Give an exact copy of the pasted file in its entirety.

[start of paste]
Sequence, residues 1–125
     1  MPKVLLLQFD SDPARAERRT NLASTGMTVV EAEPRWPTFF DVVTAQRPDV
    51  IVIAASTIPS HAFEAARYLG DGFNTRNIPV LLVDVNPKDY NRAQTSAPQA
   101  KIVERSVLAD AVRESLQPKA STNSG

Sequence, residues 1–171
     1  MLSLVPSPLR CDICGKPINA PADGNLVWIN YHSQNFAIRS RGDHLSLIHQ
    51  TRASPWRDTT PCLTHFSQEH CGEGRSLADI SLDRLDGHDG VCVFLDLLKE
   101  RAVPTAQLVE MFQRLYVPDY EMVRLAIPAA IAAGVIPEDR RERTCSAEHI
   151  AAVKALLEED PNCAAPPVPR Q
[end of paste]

Sequence, residues 1–125
     1  MPKVLLLQFD SDPARAERRT NLASTGMTVV EAEPRWPTFF DVVTAQRPDV
    51  IVIAASTIPS HAFEAARYLG DGFNTRNIPV LLVDVNPKDY NRAQTSAPQA
   101  KIVERSVLAD AVRESLQPKA STNSG

Sequence, residues 1–171
     1  MLSLVPSPLR CDICGKPINA PADGNLVWIN YHSQNFAIRS RGDHLSLIHQ
    51  TRASPWRDTT PCLTHFSQEH CGEGRSLADI SLDRLDGHDG VCVFLDLLKE
   101  RAVPTAQLVE MFQRLYVPDY EMVRLAIPAA IAAGVIPEDR RERTCSAEHI
   151  AAVKALLEED PNCAAPPVPR Q